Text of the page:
The original, Gilded YMCA Chelsea History

| 21 Sep 2015 | 05:44

“YMCA” by the Village People was one of this biggest hits of the disco era, and indeed, of the entire 1970s. The group, with its members portraying various macho stereotypes --- cowboy, Indian, leather-clad biker, construction worker – was known for its songs, which on the surface were tributes to American institutions such as the YMCA and the Navy, but which also were replete with gay double-entendres that Middle America often didn’t get.

The opening shots of the official “YMCA” video, however, might confuse some current Chelsea residents. You see a huge sign, “McBurney YMCA,” but instead of today’s familiar McBurney Y on West 14th Street, you see a different building. The older building, on West 23rd Street between 7th and 8th avenues, is still there, and was the home of the McBurney Y from 1904, when it was built, until 2002, when it moved to 14th Street.

This wasn’t the Y’s first home on 23rd Street. The original one, built in 1869, was also on 23rd Street, but on Fourth Avenue, according to the New York City YMCA’s official site. It was a French Renaissance-style building that also served as the headquarters of the city’s YMCA organization. When the “new” building opened in 1904, according to site, it boasted a roof garden, a cork running track and a marble-lined swimming pool.

Over the years, wrestling, track and swim meets were often held at the Y, as well as plays and concerts. In 1941, the building was renamed in honor of Robert Ross McBurney, an Irish immigrant who served as head of the citywide YMCA organization in the late 19th century. During the civil rights era of the 1950s and ‘60s, the McBurney Y regularly hosted meetings of the Urban League, a rights group that was part of the coalition that planned the 1963 March on Washington.

The Y also contained a residence building with an entrance on 24th Street. One of the most notable temporary residents was playwright William Saroyan, author of “The Time of Your Life,” who stayed there in 1928. Charles Merrill and Edmund Lynch, founders of the famed Wall Street firm, met while both were staying at the Y during the early 1900s.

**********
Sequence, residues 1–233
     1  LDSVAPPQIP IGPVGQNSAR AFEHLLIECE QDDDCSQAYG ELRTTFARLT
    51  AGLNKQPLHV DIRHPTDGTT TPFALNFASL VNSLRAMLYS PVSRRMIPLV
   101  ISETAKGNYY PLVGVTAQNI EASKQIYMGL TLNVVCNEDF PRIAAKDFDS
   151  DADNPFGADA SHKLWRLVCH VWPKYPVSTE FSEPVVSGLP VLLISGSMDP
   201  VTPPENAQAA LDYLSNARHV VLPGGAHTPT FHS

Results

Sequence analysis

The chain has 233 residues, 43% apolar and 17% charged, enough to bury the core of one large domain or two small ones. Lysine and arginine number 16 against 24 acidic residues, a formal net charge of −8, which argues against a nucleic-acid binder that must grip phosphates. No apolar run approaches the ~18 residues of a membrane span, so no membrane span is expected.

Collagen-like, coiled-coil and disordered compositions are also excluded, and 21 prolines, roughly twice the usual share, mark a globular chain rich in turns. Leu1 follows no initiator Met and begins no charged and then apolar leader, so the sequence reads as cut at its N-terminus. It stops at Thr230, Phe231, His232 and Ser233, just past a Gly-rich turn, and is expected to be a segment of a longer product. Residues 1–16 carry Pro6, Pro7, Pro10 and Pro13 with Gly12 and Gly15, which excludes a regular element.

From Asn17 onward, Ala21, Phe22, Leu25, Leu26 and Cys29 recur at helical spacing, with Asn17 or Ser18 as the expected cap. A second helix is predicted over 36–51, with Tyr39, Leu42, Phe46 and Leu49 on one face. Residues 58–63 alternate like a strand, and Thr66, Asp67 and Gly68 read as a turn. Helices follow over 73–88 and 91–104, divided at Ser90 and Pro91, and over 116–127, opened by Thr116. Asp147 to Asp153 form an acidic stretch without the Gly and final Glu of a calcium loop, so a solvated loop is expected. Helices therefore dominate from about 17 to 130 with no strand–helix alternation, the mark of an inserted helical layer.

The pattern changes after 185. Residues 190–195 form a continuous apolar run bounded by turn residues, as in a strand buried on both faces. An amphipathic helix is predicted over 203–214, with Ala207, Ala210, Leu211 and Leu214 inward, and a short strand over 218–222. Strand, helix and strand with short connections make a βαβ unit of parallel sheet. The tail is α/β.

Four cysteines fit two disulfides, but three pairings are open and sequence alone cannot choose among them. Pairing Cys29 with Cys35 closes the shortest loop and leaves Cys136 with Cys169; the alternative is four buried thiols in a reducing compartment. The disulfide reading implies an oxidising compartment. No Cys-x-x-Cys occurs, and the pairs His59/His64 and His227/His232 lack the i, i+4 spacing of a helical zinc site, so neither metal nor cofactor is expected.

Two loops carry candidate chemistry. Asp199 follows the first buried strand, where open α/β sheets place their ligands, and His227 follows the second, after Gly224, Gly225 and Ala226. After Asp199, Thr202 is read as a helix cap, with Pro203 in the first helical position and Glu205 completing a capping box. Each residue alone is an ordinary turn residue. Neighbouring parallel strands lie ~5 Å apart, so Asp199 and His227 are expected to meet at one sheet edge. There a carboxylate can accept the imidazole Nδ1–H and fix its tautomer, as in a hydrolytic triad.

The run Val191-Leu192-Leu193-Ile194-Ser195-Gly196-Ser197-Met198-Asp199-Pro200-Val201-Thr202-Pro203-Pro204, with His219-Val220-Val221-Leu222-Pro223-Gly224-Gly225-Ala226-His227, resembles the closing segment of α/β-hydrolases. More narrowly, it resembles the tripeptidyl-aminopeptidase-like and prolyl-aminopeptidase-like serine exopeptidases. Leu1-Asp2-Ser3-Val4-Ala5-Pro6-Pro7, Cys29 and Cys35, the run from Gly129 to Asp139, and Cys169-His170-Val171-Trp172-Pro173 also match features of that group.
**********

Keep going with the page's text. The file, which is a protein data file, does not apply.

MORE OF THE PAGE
In 1994, the Y moved its teen program as well as Elesair, a program designed to help new immigrants, into a building on West 17th Street it leased from the Xavier parochial school. Since the new building had a gym facility, the teens were overjoyed. “Before, we had to share the gym with adults, which meant only five hours a week for teen-agers compared to over 40 hours now,” the New York Times quoted Nicole Libone, the program director, as saying.

In 1998, the Y undertook a study about the building’s future, and eventually concluded that it would have to move. It purchased the old Armory site on 14th Street with the purpose of building a new home for the McBurney facility. One sore point was the fate of the people in the 24th Street residence, most of whom, by that point, were low-income and elderly.

The original plan made no provision for the residents, but a compromise was reached when Common Ground, a social service agency, agreed to take over the residence building on 24th Street. It is now known as the Christopher, and provides 207 units of permanent supportive housing for low-income and formerly homeless adults and people living with AIDS.

Visually, the main entrance to the former McBurney Y building on 23rd Street is dominated by a huge sign for the Crunch gym. The gym has been there since 2014; previously, it was the David Barton gym, famed for its celebrities and its nightclub-like ambience.